How do you describe the character of this space?


This is a place that is Janus-like, seemingly orderly but always not orderly, like my heart. My personality is the same. I am a kind person who gets along with people, but on the other hand, I am a bad person. I put my other personality into my work as well. Though it seems extremely tidy, when you look at it closely, there is a lot of dust and is cluttered.

How do you describe the mood of this space?

Though there are finished works here, there are photos and things that give me inspiration on the things I am envisioning, making it a riddle-like place. Like the pleasure that comes from traveling to an unknown place, you can find enjoyment in the things that are hidden precariously in every nook and cranny, over what can be immediately seen.

An interesting person you communicate with in this space?

To name one person, the actor Cho Yeo Jeong.

She contacted me, after seeing my work and liking it. She contacted me herself and came her on appointment, without saying who she was. First of all, she was very interested in my work. When talking about the mindset as an actor, passion for films, and the mindset as an artist, I thought that to succeed, one must take care of themselves this well.

What is the word that describes you, looking at the DMZ?

DMZ is the source of artwork. Since it started from the scenery of the DMZ.

Actually, the reason why I got a studio in Paju Book City is because of the DMZ. Of course, many factors went into consideration, but the biggest reason was because Paju is very close to the DMZ, and you can even see North Korea from the rooftop. Many people working in the field of art came to the studio, and as I explained about my paintings, we came to talk about the scenery of the DMZ, and we would go up to the rooftop to show them that that is North Korea. Though we think about how North Korea, and the DMZ affects our lives, we do not think about the fact that the DMZ is so close to us. This is very important. In one point of the rooftop, you can see Yeouido, Seoul, and on the other side, you can see North Korea. This is extremely ironic. This studio makes people feel that our daily life is not far from the division of Korea.

What type of people are interested in your works? Do you know why?

My work began from the landscape painting of artist Gyeomjae, and the structure is similar to the scenery in the Eastern and Korean paintings that we have seen since we were a child. tried to capture our lives today, the pain we are feeling, the beauty of Korea’s nature right now, or the perspective of Koreans and other parts of the universe in my work, without being isolated or regressive. Though culturally, I am not a nationalist, people who think the revival of the nation’s art, creativity, and one having their own, strong identity is important like my work.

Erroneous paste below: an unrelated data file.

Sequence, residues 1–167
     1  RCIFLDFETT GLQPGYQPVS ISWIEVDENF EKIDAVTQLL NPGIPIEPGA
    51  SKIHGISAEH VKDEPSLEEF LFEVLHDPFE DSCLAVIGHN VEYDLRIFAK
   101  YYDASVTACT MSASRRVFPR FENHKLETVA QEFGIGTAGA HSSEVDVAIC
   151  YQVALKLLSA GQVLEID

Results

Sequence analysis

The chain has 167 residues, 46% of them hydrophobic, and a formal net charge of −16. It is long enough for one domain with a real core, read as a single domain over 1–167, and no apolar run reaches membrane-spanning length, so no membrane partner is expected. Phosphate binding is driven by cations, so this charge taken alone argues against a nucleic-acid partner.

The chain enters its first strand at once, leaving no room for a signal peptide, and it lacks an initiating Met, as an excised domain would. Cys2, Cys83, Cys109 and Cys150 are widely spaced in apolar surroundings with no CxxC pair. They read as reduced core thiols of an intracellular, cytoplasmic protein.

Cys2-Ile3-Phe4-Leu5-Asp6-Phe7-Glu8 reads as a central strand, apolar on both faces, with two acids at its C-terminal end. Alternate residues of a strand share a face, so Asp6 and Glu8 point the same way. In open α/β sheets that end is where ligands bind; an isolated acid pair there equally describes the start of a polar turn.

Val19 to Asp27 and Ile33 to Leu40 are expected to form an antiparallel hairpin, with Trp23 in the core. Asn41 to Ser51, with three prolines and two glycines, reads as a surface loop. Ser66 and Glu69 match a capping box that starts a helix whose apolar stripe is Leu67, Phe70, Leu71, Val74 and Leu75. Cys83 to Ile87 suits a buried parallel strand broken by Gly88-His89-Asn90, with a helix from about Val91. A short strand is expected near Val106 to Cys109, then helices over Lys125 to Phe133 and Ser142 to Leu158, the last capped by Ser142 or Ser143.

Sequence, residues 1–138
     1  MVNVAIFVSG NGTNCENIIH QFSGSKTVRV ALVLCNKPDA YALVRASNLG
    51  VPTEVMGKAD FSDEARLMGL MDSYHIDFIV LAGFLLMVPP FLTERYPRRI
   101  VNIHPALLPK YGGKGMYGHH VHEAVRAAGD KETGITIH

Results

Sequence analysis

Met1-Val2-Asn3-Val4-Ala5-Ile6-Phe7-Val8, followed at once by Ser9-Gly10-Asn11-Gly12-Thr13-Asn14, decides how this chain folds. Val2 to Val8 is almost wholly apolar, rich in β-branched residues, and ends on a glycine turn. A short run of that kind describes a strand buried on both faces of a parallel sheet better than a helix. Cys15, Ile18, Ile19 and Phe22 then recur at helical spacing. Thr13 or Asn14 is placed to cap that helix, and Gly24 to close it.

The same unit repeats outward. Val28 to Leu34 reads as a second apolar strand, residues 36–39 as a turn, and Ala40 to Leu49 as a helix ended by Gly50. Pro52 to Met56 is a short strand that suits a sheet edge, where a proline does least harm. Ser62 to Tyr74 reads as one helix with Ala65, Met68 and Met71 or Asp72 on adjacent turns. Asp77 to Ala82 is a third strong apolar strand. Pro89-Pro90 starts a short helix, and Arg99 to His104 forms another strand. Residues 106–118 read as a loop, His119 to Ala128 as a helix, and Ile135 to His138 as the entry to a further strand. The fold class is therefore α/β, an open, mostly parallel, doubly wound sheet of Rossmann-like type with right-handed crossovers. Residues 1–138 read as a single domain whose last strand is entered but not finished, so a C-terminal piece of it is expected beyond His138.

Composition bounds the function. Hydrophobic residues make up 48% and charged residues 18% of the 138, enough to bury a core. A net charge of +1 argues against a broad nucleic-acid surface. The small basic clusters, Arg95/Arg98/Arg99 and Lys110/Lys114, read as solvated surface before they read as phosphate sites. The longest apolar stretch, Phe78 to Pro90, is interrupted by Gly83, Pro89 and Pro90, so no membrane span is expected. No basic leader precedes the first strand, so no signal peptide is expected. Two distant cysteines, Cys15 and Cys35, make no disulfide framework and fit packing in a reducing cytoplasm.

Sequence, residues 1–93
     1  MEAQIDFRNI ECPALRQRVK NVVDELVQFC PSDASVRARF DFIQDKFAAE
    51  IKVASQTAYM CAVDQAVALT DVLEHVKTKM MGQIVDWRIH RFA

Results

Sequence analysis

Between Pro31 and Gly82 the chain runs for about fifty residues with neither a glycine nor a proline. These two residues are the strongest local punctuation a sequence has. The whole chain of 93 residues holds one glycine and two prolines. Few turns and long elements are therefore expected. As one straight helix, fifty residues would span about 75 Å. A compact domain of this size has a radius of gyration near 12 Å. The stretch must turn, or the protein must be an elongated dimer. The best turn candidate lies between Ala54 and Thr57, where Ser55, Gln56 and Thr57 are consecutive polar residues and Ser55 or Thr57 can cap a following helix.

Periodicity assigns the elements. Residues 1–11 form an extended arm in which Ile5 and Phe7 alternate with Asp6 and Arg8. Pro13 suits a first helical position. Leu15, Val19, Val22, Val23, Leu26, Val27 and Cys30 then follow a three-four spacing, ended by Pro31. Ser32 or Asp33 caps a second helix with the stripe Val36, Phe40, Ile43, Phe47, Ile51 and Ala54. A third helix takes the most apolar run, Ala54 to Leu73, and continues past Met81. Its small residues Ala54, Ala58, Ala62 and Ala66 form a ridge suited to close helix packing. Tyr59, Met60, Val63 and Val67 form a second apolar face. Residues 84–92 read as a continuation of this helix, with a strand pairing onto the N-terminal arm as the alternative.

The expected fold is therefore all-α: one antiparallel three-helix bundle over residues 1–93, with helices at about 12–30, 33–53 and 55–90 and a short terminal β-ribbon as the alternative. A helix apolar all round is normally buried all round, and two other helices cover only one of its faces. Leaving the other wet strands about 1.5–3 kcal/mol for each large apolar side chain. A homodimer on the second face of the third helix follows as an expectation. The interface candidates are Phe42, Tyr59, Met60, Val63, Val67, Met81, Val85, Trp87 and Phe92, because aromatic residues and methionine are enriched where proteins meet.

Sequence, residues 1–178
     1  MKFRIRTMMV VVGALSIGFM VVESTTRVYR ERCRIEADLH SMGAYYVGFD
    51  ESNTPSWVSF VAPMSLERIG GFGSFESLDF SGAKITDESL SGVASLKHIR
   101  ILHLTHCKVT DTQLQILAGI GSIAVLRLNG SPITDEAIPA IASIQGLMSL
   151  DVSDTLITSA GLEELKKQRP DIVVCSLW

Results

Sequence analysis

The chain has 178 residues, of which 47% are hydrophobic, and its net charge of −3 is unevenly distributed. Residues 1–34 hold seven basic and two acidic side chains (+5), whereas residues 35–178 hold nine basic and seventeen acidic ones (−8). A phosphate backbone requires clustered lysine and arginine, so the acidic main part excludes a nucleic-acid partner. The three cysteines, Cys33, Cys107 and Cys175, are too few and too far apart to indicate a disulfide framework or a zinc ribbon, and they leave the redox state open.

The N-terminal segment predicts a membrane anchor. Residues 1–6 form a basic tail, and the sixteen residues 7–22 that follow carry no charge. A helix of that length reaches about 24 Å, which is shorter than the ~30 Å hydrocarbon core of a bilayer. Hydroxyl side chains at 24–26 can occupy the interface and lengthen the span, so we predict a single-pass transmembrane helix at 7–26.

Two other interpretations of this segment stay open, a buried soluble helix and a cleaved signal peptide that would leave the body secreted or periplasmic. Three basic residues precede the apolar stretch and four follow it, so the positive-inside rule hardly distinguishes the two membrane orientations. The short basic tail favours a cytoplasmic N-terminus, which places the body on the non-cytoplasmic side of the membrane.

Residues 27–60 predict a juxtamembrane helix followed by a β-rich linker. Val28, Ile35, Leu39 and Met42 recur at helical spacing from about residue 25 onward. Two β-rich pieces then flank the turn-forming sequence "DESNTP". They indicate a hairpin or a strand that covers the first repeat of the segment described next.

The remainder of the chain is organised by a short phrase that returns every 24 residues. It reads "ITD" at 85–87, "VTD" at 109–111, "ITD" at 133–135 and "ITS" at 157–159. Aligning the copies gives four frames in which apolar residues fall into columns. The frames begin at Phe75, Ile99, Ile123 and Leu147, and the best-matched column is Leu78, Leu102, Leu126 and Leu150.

Do you have any opinion toward the North Korean art?

Actually, art is an act done at a specific time. For example, Impressionism, Modernism, America’s Informal and Pop-Art, these things are all art that started at a particular time in the West. For China, the age of the Chinese Communist Party, for the Soviets, the age of the Soviet Union, and for Russia, a particular age certainly exists. Though they may fight over each other’s form of government according to their ideology, this itself cannot be erased from history. I am saying that we cannot deny the fact that it existed. Though it is not mainstream, the artistic acts that humans living in a particular era and region, or made by propaganda or by individuals, nonetheless, North Korean art is important since it was made by the central perspective of the age. Instead of denying North Korean art because I am South Korean, and my country is in conflict with the North, we have to acknowledge that it existed at some point. And we must keep and preserve it. Only then can art become diversified and more abundant.

Personally, I think it would be great if Paju actively introduces North Korean art. Though we may wonder what is the purpose of this at present, after time passes, we will definitely think it is a valuable cultural and historical data. Even though I will be dead and gone, a certain period will remain, and last forever.

Interview end time : pm 3:05, 24 Aug 2020